Attacking Spain

Attacking Spain

Attacking Spain

The charge of the Mamelukes during the Dos de Mayo Uprising. (Public Domain photo. Info can be found here)

Spain was a complete mess during these wars. King Charles IV was a completely incompetent leader and the political corruption in his government was outrageous. The military had it’s own issues, being under equipped and leaderless most of the time. All of these issues would lead to a revolt against the King and his Prime Minister Manuel de Godoy known as the Mutiny of Aranjuez (1808). Godoy was very unpopular with all segments of society and this hatred would instigate a coup d’état by the Royal Guard. King Charles would dismiss Godoy, but since the people were upset with him for allowing Godoy to be in the government, Charles would be forced to abdicate 2 days later. The people would cheer his son Ferdinand VIII as a hero when he was placed on the throne instead of his father.

The city of Madrid was dealing with a great deal of upheaval over Godoy after the Mutiny of Aranjuez. The Godoyistas (supporters of Godoy) were often attacked by the people and the French were really worried about what would happen if he was brought back. Marshal Joachim Murat decided to send Charles’ daughter to France

to calm things down, which led to major gatherings of people who were upset at the “taking” of his daughter. This led to anti-French riots in Madrid that would become known as the Dos de Mayo Uprising (1808), and Marshal Murat imposed martial law on the city to stop them. All public meetings were prohibited and no one was allowed to have any weapons. Hundreds of civilians were killed in the streets by the French Mamluk cavalry for breaking these laws, but this would just strengthen the resistance against the French. The people would created a Declaration of Independence and would call on all Spanish to start an all out revolt against the French.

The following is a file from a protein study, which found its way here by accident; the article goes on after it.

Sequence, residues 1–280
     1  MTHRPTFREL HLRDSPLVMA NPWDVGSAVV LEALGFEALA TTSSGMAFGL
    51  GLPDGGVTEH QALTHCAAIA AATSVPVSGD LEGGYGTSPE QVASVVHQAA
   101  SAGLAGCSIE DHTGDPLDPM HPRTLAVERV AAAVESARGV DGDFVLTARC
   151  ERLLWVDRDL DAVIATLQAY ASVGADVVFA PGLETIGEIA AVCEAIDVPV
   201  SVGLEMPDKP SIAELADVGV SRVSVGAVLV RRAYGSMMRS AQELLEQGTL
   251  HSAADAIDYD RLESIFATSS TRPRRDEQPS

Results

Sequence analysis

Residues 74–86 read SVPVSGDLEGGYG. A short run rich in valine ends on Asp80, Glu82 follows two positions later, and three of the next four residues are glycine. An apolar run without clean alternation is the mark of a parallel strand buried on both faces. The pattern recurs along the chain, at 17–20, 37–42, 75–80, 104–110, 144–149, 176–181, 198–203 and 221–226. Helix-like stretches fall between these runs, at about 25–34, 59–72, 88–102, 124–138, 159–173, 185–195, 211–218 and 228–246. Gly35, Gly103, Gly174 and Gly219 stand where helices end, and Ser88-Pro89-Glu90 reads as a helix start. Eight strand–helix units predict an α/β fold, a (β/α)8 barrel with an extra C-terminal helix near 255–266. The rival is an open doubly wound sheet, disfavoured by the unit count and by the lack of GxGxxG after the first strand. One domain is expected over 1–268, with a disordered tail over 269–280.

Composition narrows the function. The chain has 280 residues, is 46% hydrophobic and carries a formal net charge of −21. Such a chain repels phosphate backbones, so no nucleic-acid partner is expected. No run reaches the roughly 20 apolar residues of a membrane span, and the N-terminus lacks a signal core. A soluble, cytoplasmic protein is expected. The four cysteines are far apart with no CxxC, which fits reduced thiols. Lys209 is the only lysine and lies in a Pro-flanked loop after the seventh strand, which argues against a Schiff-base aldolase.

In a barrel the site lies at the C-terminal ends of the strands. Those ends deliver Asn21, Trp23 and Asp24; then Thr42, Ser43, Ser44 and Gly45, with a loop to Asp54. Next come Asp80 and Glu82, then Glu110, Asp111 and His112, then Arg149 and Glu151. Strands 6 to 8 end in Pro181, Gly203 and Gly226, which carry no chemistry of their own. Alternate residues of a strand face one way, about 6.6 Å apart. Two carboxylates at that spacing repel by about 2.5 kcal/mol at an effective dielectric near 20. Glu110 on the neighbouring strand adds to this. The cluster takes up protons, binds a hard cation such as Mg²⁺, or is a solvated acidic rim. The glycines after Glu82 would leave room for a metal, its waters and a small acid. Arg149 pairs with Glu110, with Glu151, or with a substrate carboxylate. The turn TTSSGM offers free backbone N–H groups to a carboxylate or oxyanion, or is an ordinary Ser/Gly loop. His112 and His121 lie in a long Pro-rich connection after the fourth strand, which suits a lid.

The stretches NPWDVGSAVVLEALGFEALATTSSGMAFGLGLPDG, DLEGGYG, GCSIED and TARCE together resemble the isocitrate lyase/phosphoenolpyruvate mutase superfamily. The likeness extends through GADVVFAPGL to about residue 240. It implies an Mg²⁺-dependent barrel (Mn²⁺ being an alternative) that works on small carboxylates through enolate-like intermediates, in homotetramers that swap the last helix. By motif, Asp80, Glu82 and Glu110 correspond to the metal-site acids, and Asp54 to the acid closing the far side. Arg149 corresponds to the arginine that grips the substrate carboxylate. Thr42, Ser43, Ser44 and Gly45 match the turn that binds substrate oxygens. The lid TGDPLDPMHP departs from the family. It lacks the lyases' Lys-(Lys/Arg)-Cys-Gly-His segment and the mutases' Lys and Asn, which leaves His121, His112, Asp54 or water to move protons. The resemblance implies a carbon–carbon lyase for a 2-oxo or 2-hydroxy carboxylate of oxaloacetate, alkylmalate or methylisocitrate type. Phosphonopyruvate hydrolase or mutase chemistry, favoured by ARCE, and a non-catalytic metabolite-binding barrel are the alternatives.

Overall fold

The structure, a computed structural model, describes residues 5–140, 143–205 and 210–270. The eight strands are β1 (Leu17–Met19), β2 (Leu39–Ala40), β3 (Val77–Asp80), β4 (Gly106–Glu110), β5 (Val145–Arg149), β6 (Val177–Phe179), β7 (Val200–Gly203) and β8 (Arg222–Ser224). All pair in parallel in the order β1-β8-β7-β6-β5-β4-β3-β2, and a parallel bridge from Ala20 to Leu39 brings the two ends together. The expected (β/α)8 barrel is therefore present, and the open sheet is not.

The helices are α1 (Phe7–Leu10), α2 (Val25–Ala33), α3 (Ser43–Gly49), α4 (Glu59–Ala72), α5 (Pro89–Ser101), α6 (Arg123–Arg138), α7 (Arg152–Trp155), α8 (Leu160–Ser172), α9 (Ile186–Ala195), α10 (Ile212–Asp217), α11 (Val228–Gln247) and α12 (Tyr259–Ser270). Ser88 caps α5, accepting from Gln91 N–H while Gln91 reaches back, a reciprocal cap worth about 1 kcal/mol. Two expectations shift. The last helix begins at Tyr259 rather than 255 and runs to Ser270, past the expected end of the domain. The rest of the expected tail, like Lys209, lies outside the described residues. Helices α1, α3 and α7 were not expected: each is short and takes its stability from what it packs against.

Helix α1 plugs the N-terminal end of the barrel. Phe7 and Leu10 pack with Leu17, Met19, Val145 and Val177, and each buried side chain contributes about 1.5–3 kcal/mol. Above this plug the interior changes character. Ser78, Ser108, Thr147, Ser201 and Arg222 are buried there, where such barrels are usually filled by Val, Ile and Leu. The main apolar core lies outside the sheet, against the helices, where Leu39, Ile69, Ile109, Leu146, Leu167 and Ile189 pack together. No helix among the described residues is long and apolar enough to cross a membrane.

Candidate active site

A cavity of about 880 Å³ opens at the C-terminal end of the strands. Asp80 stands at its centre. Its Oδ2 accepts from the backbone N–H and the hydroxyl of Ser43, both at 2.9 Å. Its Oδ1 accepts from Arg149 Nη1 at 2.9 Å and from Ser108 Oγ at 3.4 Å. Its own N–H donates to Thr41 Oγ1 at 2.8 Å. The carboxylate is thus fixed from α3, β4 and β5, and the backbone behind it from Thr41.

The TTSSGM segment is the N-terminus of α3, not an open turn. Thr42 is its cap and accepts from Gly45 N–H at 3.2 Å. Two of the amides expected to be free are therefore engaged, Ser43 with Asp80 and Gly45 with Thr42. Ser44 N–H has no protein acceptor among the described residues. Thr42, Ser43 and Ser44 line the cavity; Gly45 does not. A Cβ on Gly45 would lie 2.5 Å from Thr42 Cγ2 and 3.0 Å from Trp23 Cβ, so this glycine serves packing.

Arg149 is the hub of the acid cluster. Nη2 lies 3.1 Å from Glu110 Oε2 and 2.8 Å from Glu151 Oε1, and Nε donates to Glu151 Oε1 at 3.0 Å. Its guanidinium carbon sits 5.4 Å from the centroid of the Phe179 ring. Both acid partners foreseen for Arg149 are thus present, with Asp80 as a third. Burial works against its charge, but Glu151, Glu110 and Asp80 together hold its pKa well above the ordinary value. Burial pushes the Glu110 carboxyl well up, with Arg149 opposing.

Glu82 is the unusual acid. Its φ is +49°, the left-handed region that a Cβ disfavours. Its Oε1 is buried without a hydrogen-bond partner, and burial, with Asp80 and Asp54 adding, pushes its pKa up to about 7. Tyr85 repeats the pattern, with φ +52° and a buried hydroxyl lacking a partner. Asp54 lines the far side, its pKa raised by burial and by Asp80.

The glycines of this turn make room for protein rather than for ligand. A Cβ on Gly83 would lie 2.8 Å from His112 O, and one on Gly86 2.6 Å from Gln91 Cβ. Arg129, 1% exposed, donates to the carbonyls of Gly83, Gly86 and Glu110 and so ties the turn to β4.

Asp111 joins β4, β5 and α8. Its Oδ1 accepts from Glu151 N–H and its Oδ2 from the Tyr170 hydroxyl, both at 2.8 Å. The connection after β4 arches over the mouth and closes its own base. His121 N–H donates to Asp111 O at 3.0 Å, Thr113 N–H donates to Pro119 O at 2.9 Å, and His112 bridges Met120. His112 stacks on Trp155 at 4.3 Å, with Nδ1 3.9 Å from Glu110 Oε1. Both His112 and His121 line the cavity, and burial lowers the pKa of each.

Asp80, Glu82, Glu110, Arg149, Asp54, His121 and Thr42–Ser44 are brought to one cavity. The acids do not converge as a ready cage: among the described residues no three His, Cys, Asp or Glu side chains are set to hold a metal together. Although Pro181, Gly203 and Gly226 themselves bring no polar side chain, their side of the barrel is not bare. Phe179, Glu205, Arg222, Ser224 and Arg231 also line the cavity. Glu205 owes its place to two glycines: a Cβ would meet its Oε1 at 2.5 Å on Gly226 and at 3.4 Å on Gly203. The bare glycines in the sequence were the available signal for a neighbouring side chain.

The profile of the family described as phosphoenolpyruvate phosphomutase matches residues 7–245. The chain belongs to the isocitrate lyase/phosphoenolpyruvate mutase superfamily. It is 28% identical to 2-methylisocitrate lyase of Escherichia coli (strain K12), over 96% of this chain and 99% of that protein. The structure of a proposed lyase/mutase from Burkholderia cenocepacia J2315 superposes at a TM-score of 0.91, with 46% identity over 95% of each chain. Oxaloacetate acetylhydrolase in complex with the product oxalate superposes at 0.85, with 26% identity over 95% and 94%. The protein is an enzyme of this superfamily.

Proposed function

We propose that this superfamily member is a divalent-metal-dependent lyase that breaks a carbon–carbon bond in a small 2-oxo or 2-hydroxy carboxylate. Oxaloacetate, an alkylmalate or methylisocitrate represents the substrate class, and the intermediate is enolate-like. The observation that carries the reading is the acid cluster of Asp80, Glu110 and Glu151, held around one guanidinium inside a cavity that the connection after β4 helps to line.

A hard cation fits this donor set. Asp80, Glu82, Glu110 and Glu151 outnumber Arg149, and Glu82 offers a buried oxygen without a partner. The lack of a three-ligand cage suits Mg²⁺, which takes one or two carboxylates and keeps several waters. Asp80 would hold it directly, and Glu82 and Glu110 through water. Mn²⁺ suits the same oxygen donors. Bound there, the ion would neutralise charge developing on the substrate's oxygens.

France invaded Spain, which was their eventual goal all along, and the French would take Ferdinand VII out of power in favor or Napoleon’s brother Joseph. He would become known as King José I of Spain, but was always very unpopular with the people since he had been forced on Spain. The country was divided into 38 provinces and 14 military leaders, the leaders of all would report directly to the King. The people were convinced that any King could only rule with the support of the people, so each local government would set up their own separate government called a junta instead of submitting to the King. The problem for the Spanish was that none of these junta’s worked together, which made them weak compared to what they could have been if unified.

Eventually, these small junta’s would make the decision to unify into one large junta to run the government in Seville. This Junta of Seville would not only control the government in Spain but also claim to have power over the colonies in America. They created a new constitution that was very liberal and started to make decisions for the country in the King’s absence, but very few people listened to them.

Joseph Bonaparte

A portrait of Joseph Bonaparte as Joseph I. (Public Domain photo. Info can be found here)

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